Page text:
John Riddy is one of the most highly lauded English photographers to emerge during the 2000s. His subject matter typically revolves around landscapes, cities, and architecture, in addition to questions related to how our perceptions self and reality are influenced or changed by various spaces. His images are often completely depopulated; the few cars, buildings, statues, or animals that do appear essentially act as surrogates for the humans who might conceivably pass through these spaces.
Riddy's 2004 chromogenic print Utrecht, 2004 shows the interior of a Bauhaus-inspired home, replete with modernist furniture and appurtenances in red, yellow, black, white, and blue. The space appears to echo Le Corbusier’s simultaneously optimistic and eerie pronouncement that “homes are machines for living in,” as the work is at once inviting and efficient but also inhuman and supremely aesthetic.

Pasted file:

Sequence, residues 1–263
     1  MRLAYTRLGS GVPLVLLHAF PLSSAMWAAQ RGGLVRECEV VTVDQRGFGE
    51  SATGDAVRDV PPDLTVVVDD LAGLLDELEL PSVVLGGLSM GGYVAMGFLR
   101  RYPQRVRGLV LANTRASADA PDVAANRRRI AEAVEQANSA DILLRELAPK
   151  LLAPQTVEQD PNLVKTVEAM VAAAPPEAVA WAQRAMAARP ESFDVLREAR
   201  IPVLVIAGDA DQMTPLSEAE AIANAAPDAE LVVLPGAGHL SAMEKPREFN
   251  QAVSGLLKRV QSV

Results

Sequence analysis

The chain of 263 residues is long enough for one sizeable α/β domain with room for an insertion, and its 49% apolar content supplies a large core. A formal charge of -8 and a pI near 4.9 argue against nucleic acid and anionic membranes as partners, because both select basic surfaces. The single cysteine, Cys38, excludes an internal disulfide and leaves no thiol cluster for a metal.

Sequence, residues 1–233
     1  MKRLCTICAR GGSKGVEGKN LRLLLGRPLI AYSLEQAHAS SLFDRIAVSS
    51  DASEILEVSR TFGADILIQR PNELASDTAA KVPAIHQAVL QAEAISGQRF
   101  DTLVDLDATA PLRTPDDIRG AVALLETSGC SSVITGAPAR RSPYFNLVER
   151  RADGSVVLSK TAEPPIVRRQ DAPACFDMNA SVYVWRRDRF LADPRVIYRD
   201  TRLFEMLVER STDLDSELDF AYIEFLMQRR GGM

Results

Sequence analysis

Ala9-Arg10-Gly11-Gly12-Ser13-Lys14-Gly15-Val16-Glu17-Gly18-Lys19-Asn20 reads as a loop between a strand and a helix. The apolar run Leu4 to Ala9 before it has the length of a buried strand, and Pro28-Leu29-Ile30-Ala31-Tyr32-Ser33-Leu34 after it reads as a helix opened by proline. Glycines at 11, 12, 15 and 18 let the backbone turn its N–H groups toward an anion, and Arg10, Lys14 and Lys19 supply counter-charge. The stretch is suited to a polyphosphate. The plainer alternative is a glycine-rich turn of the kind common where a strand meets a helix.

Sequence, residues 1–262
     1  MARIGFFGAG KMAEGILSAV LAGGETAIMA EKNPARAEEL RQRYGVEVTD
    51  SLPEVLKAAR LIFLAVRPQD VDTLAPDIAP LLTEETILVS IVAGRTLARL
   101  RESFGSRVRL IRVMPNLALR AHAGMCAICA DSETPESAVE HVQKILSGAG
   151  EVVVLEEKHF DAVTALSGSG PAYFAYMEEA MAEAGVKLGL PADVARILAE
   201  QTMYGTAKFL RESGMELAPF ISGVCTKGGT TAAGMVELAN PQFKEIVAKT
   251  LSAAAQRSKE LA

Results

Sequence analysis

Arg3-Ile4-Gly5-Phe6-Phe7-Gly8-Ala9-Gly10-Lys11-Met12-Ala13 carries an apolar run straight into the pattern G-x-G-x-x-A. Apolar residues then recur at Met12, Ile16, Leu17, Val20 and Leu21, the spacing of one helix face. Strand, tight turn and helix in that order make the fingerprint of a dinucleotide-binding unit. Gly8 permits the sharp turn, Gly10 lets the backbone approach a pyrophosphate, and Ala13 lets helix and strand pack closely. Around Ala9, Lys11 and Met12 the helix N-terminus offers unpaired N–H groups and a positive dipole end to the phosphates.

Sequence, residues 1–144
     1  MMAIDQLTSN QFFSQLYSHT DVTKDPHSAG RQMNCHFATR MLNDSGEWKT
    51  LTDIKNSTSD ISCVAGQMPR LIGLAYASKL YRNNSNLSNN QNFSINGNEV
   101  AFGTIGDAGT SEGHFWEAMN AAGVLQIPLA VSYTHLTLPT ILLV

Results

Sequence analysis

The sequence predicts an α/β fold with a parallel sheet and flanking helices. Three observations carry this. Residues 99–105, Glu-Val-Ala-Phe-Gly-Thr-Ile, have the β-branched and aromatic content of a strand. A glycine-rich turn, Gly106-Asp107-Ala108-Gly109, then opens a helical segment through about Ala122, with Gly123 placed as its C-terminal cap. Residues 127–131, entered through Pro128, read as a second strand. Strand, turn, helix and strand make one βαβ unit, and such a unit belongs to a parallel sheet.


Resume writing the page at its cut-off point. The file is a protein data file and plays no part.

Riddy has exhibited his work at the Tate Britain, the Victoria & Albert Museum, and the Aargauer Kunsthaus in Aarau, Switzerland.